As Congress and the administration negotiate the details of an infrastructure agreement that could top $1.2 trillion, organizations representing senior living and other long-term care providers are calling for investments in the country’s “infrastructure for aging.”
LeadingAge President and CEO Katie Smith Sloan on Tuesday called on Congress not to walk away from funding proposals such as a $400 billion investment in home- and community-based services through the Better Care BetterJobs Act, which is rumored to be in danger of being cut back.
“These investments are decades overdue,” Sloan said. “The country is rapidly growing older, and now is the time to meet the ever-increasing needs of millions of older Americans.”
LeadingAge joined the Leadership Council of Aging Organizations’ 66 other members — which include AMDA–The Society for Post-Acute and Long-Term Care Medicine, elder LGBT advocacy group SAGE and PHI — in calling on Congress to support HCBS; better wages, benefits and training for direct care workers; affordable senior housing programs; employment protection and workforce development; broadband services; and transportation options for older adults.
In a July 16 letter to Congress, Sloan, LCAO’s chair, said the “historic investment” in HCBS through the Better Care Better Jobs Act should increase access to such services across all states and populations, eliminate waiting lists, and make permanent the Money Follows the Person program and spousal impoverishment protections.
“There is no justifiable public policy reason to force Medicare enrollees into poverty to be able to access care at home and in the community that Medicare and and should cover for all enrollees,” Sloan wrote.
The LCAO also reiterated its support for the direct care workforce through better wages, benefits and training.
“Significant investments in the direct care workforce are critical to improving the quality of HCBS and ensuring that direct care jobs are high quality jobs with family sustaining wages and benefits,” Sloan said.
The American Health Care Association / National Center for Assisted Living on Wednesday called on lawmakers to allocate support for capital improvements at assisted living communities and nursing homes “so residents can receive the highest quality of care and additional protection against infectious diseases and other emergency events.”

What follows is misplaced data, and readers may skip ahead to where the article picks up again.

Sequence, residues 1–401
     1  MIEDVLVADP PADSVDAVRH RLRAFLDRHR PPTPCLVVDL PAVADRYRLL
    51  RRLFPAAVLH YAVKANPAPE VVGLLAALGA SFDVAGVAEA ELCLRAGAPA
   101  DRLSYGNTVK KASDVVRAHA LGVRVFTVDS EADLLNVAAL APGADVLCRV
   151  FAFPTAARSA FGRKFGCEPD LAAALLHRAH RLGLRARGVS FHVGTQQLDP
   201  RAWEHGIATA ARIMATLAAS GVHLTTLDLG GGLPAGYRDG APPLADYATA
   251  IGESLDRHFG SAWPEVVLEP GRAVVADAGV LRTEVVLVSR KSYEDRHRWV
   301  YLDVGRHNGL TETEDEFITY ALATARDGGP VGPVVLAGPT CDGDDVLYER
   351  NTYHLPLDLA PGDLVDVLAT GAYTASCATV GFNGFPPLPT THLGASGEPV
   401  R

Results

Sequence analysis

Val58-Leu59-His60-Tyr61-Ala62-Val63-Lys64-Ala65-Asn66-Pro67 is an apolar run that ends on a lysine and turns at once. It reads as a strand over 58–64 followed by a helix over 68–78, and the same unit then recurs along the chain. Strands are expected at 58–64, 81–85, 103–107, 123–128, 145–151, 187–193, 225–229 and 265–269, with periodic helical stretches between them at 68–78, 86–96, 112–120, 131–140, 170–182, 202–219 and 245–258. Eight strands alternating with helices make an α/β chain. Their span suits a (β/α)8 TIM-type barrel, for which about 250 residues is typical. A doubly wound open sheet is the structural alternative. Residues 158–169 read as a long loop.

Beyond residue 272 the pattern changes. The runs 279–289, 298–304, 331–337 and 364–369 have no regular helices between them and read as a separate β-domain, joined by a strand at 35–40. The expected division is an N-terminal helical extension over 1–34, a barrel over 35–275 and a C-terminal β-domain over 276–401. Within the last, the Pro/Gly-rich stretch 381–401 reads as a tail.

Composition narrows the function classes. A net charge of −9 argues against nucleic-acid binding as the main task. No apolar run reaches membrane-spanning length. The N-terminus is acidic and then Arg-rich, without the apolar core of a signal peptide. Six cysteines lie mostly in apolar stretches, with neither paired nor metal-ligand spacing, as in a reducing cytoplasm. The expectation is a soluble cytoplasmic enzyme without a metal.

AHCA / NCAL specifically is advocating for funding to allow long-term care providers to make improvements in indoor air quality via upgraded HVAC systems; technology, including expanding broadband access; emergency preparedness, including enhanced generator capacity, additional battery power sources and solar panels; and enhanced sanitization and monitoring through UVC lighting and wastewater monitoring.
“We must learn from this pandemic and other national emergencies,” AHCA / NCAL stated. “Congress must prioritize our seniors in the infrastructure package and help provide much needed funding so long-term care facilities can provide better care and be better prepared. Every resident deserves a modern, clean facility that will offer them safety and connectivity.”
Pointing to a recent survey of assisted living community and nursing home providers, AHCA / NCAL said that only one-quarter of providers said they are confident they will make it through to 2022 due to the financial strain caused by responding to the pandemic.
“Facilities are struggling just to make ends meet; they cannot afford to provide much-needed infrastructure improvements without additional help from lawmakers,” AHCA / NCAL said in a statement.
LeadingAge previously outlined its support of further investment in aging services in its Blueprint for a Better Aging Infrastructure. AHCA / NCAL and LeadingAge also collaborated on proposing the Care For Our Seniors Act, a $15 billion reform agenda to help nursing homes.